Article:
CPT1, a “rate-controlling” element of FAO, has been studied for decades, and numerous chemical compounds modulating its activity have been developed, although the potential benefits of its activation or inhibition are still arguable (reviewed in [16]). Three CPT1 isoforms are located on the mitochondrial outer membrane. CPT1b is highly expressed in skeletal muscle, heart, and adipose tissues. The liver isoform (CPT1A or CPTI-L) is expressed in multiple tissues except for skeletal muscle and adipose tissues, whereas CPT1c is mainly expressed in brain and testis [4]. Previously, we found that Cpt1b+/- mice were protected against HFD-induced insulin resistance in mice with up to 5 months of HFD feeding. However, in the current study we report that Cpt1b+/- mice developed severe insulin resistance after 7 months of HFD feeding. Therefore, between the 5 and 7 months period something was significantly altered, leading to impaired insulin sensitivity of Cpt1b+/- mice. Interestingly, body weights and fat mass of Cpt1b+/- mice were still lower than that of WT littermates, despite the presence of a severe insulin resistant state, suggesting that specific factors (rather than obesity per se) in skeletal muscle may cause the impaired insulin sensitivity in Cpt1b+/- mice after prolonged exposure to the HFD feeding. Lipid metabolite assays of skeletal muscle revealed that neither non-esterified free fatty acid nor triglyceride was substantially increased in the Cpt1b+/- muscle at the later time point. Studies have suggested that increased triglyceride accumulation in muscle is associated with insulin resistance in rodents and humans (reviewed in [17]), but increased triglyceride concentration could be a surrogate marker of other lipid metabolites accumulating in peripheral tissues. One study found that the intramyocellular triglyceride level is similar between obese, type 2 diabetic, and non-diabetic human subjects, but only the type 2 diabetic subjects show insulin resistance [18]. Because Cpt1b+/- mice exhibited similar levels of NEFA and triglyceride in skeletal muscle as compared to WT littermates at both time points, it is unlikely that intramyocellular NEFA and/or triglyceride accumulation plays a role in the reversal of insulin sensitivity. Since 3-hydroxybutyryl-carnitine (C4-OH) was increased in the Cpt1b+/- muscle, we speculate that increased acylcarnitines in the skeletal muscle may be one of the factors causing severe insulin resistance of Cpt1b+/- mice. Hydroxybutyryl-carnitine can be produced from either intermediates of fatty acid ß-oxidation or ketone body metabolism in human skeletal muscle [19]. Ketone bodies may inhibit insulin stimulated glucose uptake in cultured adult cardiomyocytes by affecting AKT activation [20]. While we did not measure the plasma ketones, the phenotypic change of Cpt1b+/- mice is likely not due to diabetic ketoacidosis, because ketoacidosis should have caused systemic effects rather than skeletal muscle-specific insulin resistance [20]. Interestingly, one study found that only 3-hydroxybutyryl-carnitine among 36 acylcarnitine species was decreased in the skeletal muscle of HFD-fed rats, which shows improved insulin sensitivity with hepatic Malonyl-Coa Decarboxylase (MCD) overexpression [21]. HFD-fed Mcd-/- null mice show improved insulin sensitivity with significantly decreased acylcarnitine species in the skeletal muscle by releasing malonyl-CoA-mediated CPT1 suppression and subsequently shifting substrate oxidation from fatty acids to glucose [22]. Both cases support the concept that decreased intramyocellular acylcarnitine can ameliorate insulin resistance, which is consistent with the significantly increased acylcarnitine level in the muscle of insulin resistant Cpt1b+/- mice after prolonged HFD feeding. It is possible that other lipid intermediates (e.g., diacylglycerol and acyl-CoA) may also be involved in the development of insulin resistance in Cpt1b+/- mice (reviewed in [23]). One study showed that acute lipid infusion into rats caused insulin resistance without intramuscular ceramide accumulation, while acyl-CoA and diacylglycerol were significantly increased in skeletal muscle [24]. This mechanistic approach may have provided important clues, but the acute response within several hours may not exactly reflect insulin resistance in a chronic disease state. On the other hand, studies have shown that ceramide levels are increased in the skeletal muscle of insulin resistant rodents and humans (reviewed in [25]). Significant accumulation of ceramide was observed in C2C12 myotubes treated with saturated fatty acids for 16 hours, which also showed significantly suppressed phosphorylation of AKT without affecting its upstream insulin signaling molecules [26]. Ceramide directly interferes with the translocation of AKT to the plasma membrane in L6 myotubes [27], suppresses GLUT4 gene expression in 3T3L1 adipocytes [28], and inhibits glucose transport in L6 myotubes [29]. In a human study, all ceramide species were significantly increased in the skeletal muscle of insulin resistant subjects [30]. Another human study also found that total ceramide content was negatively correlated with insulin sensitivity under a lipid infusion condition during hyperinsulinemic euglycemic clamp. Palmitic acid (C16:0)-, stearic acid (C18:0)-, and linoleic acid (C18:2)-ceramide concentrations showed strong inverse correlation with insulin sensitivity [31]. We found that C18-ceramide and C22:1-ceramide was significantly increased in skeletal muscle from Cpt1b+/- mice. Regarding the aforementioned aspects of ceramides, this could be another important factor causing severe insulin resistance in Cpt1b+/- mice after 7 months of HFD feeding. Our Western blot analysis revealed that the phosphorylation of AKT at Ser473 was markedly decreased in the skeletal muscle but not in other tissues, suggesting that the severe insulin resistance may be attributed to impaired phosphorylation of AKT in skeletal muscle. Skeletal muscle comprises 40% of total body mass and 80% of insulin-stimulated glucose disposal [32]. Our current study suggests that glucose catabolism by muscle is a crucial factor determining whole body insulin sensitivity. Furthermore, CPT1b is the CPT1 isoform that plays a crucial role in maintaining lipid homeostasis and therefore insulin sensitivity in skeletal muscle. However, the unanswered question remains as to the mechanism for the accumulation of these lipid intermediates in the skeletal muscle of Cpt1b+/- mice only after the prolonged HFD feeding. This appears to be a key consideration for the reversal of insulin sensitivity in skeletal muscle with partial CPT1b deficiency. We speculate that there must be a tipping point whereby these accumulated lipid metabolites exceed a threshold, leading to severe insulin resistance between the time points of 5 months and 7 months in Cpt1b+/- mice. There are a few limitations in our current study. Prolonged FAO inhibition in CPT1b-expressing organs of Cpt1b+/- mice resulted in severe insulin resistance only in skeletal muscle, but not other tested organs. The exact mechanism underlying this phenomenon remains unknown, but one of the possible reasons could be that CPT1b in skeletal muscle plays a key role in regulating systemic glucose and fatty acid homeostasis. Our results still provide valuable evidence supporting the significance and major influence of skeletal muscle insulin sensitivity on overall systemic insulin sensitivity. Another possibility is a potential compensation by CPT1a in other organs; CPT1a expression is detected at a low level in heart, white adipose tissue, and brown adipose tissue [16]. Our data clearly prove that the phosphorylation of AKT at Ser473 is significantly suppressed in Cpt1b+/- muscle, whether other alterations in insulin signaling of skeletal muscle remain to be determined. Due to the difficulties involved in an animal study using this prolonged HFD feeding protocol, we have not been able to conduct experiments in a larger scale. Further study is necessary to fully explore the detailed mechanism leading to the transition from the beneficial to detrimental state. As summarized in Table 1 based on the previous and the current study, the current study is sufficient to identify that the accumulation of fatty acid related-metabolites, such as acylcarnitines and ceramides, in skeletal muscle plays a key role in this unwanted transition. Therefore, these two studies collectively provide important new insights into the explanations as to why previous studies on this subject have so many conflicting results. In conclusion, the recent pharmaceutical model with oxfenicine inhibition of CPT-1 in mice and our previous Cpt1b+/- genetic mouse model studies support that CPT1b restriction is a good therapeutic approach against diet-induced insulin resistance. Furthermore, our current study reveals an important finding that the optimum treatment time period must be carefully tested to avoid lipid metabolite accumulation to the point of causing insulin resistance in skeletal muscle.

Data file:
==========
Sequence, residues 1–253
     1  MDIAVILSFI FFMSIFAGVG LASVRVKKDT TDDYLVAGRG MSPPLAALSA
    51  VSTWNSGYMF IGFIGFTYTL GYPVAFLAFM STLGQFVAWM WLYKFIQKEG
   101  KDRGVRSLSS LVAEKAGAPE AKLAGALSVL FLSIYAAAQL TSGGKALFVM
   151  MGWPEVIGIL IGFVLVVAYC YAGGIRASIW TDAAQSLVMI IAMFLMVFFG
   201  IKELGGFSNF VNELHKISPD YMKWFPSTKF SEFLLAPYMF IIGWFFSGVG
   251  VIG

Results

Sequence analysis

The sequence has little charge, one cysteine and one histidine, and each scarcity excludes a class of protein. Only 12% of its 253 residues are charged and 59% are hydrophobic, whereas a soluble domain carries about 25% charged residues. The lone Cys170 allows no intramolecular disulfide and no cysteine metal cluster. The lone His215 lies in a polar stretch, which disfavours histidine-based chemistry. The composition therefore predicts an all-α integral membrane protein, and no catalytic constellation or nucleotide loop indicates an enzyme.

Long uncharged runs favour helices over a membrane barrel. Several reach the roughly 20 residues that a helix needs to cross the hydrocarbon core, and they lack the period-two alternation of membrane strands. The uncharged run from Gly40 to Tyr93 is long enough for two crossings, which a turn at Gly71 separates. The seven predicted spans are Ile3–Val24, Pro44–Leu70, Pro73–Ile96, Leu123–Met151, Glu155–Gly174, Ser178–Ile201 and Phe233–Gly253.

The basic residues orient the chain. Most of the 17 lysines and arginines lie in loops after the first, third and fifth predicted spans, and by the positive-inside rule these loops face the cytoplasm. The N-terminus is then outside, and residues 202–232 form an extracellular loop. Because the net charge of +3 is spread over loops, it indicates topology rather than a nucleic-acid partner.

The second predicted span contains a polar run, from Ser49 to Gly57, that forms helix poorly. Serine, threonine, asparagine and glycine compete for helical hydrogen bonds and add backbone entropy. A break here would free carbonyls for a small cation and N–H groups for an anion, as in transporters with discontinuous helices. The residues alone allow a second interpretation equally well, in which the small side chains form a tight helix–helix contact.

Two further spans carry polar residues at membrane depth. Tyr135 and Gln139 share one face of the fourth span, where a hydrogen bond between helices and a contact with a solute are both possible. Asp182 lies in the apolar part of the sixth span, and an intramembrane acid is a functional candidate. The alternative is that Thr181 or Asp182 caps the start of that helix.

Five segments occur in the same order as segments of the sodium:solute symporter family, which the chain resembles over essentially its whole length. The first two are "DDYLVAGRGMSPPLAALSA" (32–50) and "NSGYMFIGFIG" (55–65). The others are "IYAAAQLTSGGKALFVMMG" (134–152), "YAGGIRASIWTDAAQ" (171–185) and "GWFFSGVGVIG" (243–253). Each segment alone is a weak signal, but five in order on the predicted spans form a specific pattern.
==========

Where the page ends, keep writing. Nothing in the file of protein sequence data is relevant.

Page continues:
Time points Baseline to HFD 5 months   HFD 5 to 7 months  
Mouse strain WT mice Cpt1b+/- mice WT mice Cpt1b+/- mice
Body weight > >
Lean mass > =
Fat mass > >
Glucose tolerance = N/A N/A
Insulin sensitivity = ↓↓
Insulin signaling integrity Skeletal muscle < >
Liver < <  
Heart < <
Fat > >
Lipid metabolites in skeletal muscle NEFA = =
TAG = =  
C4-OH acylcarnitine = <
C18, C22:1-ceramide N/A <

Table 1: Summary of phenotypic changes during high fat diet-fed condition. =indicates similar trend, <indicates increased in Cpt1b+/- mice, >indicates decreased in Cpt1b+/- mice, ↓ indicates decreases during designated period in that strain.


The Small Animal Phenotyping core was supported by University of Alabama at Birmingham (UAB) Diabetes Research and Training Center P60DK079626 and the UAB Nutrition Obesity Research Center P30DK056336. The Targeted Metabolomicsand Proteomics Laboratory were supported partly by P30DK079337 and P30AR50948. The ceramide assay was supported by the National Center for Research Resources and the National Institutes of Health C06RR018823, in part by the Lipidomics Shared Resource, Hollings Cancer Center, Medical University of South Carolina (P30 CA138313) and the Lipidomics Core in the South Carolina Lipidomics and Pathobiology CORE, Department Biochemistry, Medical University of South Carolina MUSC (P20 RR017677).


This work was supported by grants from National Institutes of Health (1RO1 HL085499 and 1RO1 HL084456 to Dr. Yang, 1RO1 RR02599 to Dr. Wood, and T32 HL007457 to Dr. Kim). This work was also supported by a grant from American Diabetes Association (Basic Science Award #7-12-BS-208 to Dr. Yang). The results presented here represent the opinions of the authors and not the NIH.